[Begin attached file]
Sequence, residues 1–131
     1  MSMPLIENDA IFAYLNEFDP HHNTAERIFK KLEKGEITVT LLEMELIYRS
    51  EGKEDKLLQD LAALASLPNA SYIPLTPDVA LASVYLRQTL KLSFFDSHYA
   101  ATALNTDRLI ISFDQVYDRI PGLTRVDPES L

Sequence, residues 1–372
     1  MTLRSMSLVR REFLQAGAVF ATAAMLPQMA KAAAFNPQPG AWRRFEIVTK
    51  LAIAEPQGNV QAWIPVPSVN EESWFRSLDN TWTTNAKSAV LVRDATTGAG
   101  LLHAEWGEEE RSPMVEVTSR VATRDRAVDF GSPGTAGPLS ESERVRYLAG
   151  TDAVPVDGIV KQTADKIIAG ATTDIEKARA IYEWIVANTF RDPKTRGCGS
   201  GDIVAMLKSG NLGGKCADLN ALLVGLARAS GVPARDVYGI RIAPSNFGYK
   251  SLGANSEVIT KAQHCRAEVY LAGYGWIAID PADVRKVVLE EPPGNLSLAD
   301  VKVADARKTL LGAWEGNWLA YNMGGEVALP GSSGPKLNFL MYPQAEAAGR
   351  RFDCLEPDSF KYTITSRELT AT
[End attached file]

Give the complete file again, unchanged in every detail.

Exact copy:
Sequence, residues 1–131
     1  MSMPLIENDA IFAYLNEFDP HHNTAERIFK KLEKGEITVT LLEMELIYRS
    51  EGKEDKLLQD LAALASLPNA SYIPLTPDVA LASVYLRQTL KLSFFDSHYA
   101  ATALNTDRLI ISFDQVYDRI PGLTRVDPES L

Sequence, residues 1–372
     1  MTLRSMSLVR REFLQAGAVF ATAAMLPQMA KAAAFNPQPG AWRRFEIVTK
    51  LAIAEPQGNV QAWIPVPSVN EESWFRSLDN TWTTNAKSAV LVRDATTGAG
   101  LLHAEWGEEE RSPMVEVTSR VATRDRAVDF GSPGTAGPLS ESERVRYLAG
   151  TDAVPVDGIV KQTADKIIAG ATTDIEKARA IYEWIVANTF RDPKTRGCGS
   201  GDIVAMLKSG NLGGKCADLN ALLVGLARAS GVPARDVYGI RIAPSNFGYK
   251  SLGANSEVIT KAQHCRAEVY LAGYGWIAID PADVRKVVLE EPPGNLSLAD
   301  VKVADARKTL LGAWEGNWLA YNMGGEVALP GSSGPKLNFL MYPQAEAAGR
   351  RFDCLEPDSF KYTITSRELT AT